Execution Plans

  • Excellent Article.

    I Like the way you explain, example helps more than 100' s of lines of description. Obviously the target audience is sql server dba/developer so it's always  good not to start every article with how to create indexes. More articles are expected from you.


    Sameer Raval

    Kindest Regards,

    Sameer Raval [Sql Server DBA]
    Geico Insurance

  • Clearly the writer is knowledgable, but this cat definitely needs a proofreader or a ghost-writer or something...  Very hard to understand and follow at times. 

  • In reply to: "I would also like to see some examples of when to use clustered index and when to use non-clustered index if possible."

    Start with the behavior of the two different index types and the answer starts to become clear.

    1. The "natural order" of records in a table is the physical order of the records in the table as they would be scanned from first to last without an index or sort order.

    2. A "clustered index" physically reorganizes every record in the table such that the "natural order" of the records in the table becomes the logical sort order of the clustered index. A seperate index records at which record the selected column value(s) change. This is why there can be only one "clustered index" per table.

    3. A "non-clustered index" leaves the records as they are in the table and creates a seperate lookup tree of only the column(s) for which the index is built. Each node of this tree points to the location in the table of the corresponding record value.

    In short:

    1. Use a "clustered index" only on values that are highly repetetive in a table and for which you often select sequential ranges of data. The "clustered index" will then very quickly return entire blocks of matching records.

    2. Use a regular index on values that are generally distinct and for which you often return individual records.

    Rule of Thumb: If you seek values from a table based on a WHERE clause of a single column, be sure to have an index on it. If the values of the column are highly repetitive, use a clustered index. A column that will have a distinct value for every record is a poor candidate for a clustered index.

  • here's a link to Chris's article on cluster that index

    **ASCII stupid question, get a stupid ANSI !!!**

  • You can force a Clustered Index Seek by adding a seemingly superfluous WHERE clause that searches for values in that index between two values.

    For example, if the clustered index was on a field called StateId and StateId was a TINY INT then we could write add a WHERE clause that says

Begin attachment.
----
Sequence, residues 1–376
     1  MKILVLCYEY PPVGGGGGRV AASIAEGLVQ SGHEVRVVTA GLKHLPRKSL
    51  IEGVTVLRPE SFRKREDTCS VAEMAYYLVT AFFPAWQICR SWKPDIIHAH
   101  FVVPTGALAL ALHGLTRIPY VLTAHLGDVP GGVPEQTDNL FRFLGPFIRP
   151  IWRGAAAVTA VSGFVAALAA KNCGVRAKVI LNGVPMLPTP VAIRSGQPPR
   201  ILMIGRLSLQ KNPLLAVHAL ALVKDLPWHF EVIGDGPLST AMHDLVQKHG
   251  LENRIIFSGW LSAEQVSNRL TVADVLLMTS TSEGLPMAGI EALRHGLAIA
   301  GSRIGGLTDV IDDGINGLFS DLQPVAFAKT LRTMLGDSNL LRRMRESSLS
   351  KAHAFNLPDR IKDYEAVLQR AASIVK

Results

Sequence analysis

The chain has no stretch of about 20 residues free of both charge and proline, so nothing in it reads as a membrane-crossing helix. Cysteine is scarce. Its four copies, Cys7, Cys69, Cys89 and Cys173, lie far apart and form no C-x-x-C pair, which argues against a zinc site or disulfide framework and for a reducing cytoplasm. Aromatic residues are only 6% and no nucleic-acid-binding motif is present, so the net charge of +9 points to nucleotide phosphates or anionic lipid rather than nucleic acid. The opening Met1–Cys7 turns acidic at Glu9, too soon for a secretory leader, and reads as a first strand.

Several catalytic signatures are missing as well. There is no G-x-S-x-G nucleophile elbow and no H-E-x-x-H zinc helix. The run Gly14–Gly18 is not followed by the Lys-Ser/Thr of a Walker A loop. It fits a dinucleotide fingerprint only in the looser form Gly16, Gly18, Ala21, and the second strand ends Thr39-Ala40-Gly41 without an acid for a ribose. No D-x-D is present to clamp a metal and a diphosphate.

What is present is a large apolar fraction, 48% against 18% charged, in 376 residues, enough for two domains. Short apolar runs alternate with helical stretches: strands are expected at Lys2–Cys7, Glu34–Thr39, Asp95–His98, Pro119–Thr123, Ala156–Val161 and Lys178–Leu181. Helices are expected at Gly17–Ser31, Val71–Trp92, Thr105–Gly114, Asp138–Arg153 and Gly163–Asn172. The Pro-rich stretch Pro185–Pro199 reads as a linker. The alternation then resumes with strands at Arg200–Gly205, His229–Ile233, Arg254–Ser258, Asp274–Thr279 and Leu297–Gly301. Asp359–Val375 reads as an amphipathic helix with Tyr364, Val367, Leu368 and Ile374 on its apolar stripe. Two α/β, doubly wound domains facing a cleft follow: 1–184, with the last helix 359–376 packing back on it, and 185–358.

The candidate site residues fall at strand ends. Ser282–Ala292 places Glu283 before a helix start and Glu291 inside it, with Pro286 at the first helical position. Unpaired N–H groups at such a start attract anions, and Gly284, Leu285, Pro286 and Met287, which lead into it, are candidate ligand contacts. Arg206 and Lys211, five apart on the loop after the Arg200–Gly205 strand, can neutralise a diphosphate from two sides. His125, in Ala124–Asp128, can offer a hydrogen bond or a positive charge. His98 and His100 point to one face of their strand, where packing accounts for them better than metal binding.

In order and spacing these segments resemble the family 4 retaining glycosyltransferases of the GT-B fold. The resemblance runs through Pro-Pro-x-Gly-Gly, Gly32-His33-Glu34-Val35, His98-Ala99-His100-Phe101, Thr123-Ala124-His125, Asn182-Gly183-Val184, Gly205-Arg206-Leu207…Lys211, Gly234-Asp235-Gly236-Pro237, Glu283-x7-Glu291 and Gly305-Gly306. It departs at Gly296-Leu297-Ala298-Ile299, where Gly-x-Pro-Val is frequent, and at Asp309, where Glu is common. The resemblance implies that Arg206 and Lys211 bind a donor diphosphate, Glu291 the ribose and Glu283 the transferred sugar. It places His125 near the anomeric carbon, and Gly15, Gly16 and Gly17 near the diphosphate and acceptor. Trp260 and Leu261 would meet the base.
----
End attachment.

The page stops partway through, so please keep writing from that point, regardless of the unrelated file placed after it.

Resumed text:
WHERE StateId BETWEEN 0 AND 255

    You can get a performance boost this way but a clustered index seek DOES NOT always result in a lower cost query. You have to experiment with your application to see what the affect is.

  • I felt that this could be confusing for a beginner because the author was trying to optimize a simple query that couldn't be optimized.

    Instead the author changed the requirements of the query to:

    1. put all the data into a "covering index", so you get another full table scan, but in this case the table is known as an index (it's still a table)

    2. put some constraints on the result set to allow the use of indexes that had been created

    I really thought that this was backwards to change requirements to fit the technological implementation.

  • I like this type of Article. Excellent.

  • Excellant article.  I think theme of the article is more important than his English.  Hope to c some more articles from Vijay Kumar


  • Nice article. Vijay, keep writing. Take this article to next level (explain different types of joins hints , covering index). I wish I get time to write on these lines.


    Kindest Regards,

    Amit Lohia

  • Good, informative and simple.



  • Excellent article. Simple and Practical.Followup to this article necessary on when to use various scans etc.



  • This article was overly laborious and not cutting to the point. It would be nice to see articles on this site rated on level of expertise - e.g. beginner, intermediate etc. in relation to the subjects they discuss - so that one has an an indication as to whether or not one will learn anything from reading them. This would be a beginner's article.

  • Thanks so much ...

    Article has cleared all the doubt.


  • hello sir,

    I read your article and found it was so much facinating.

    i was familiar with the word Execution plan but not knowing much about it.

    Your article give me brief information about How to utilize performance using clustered index seek Thanks a lot

  • Found this article very average and a bit too self congratulating.

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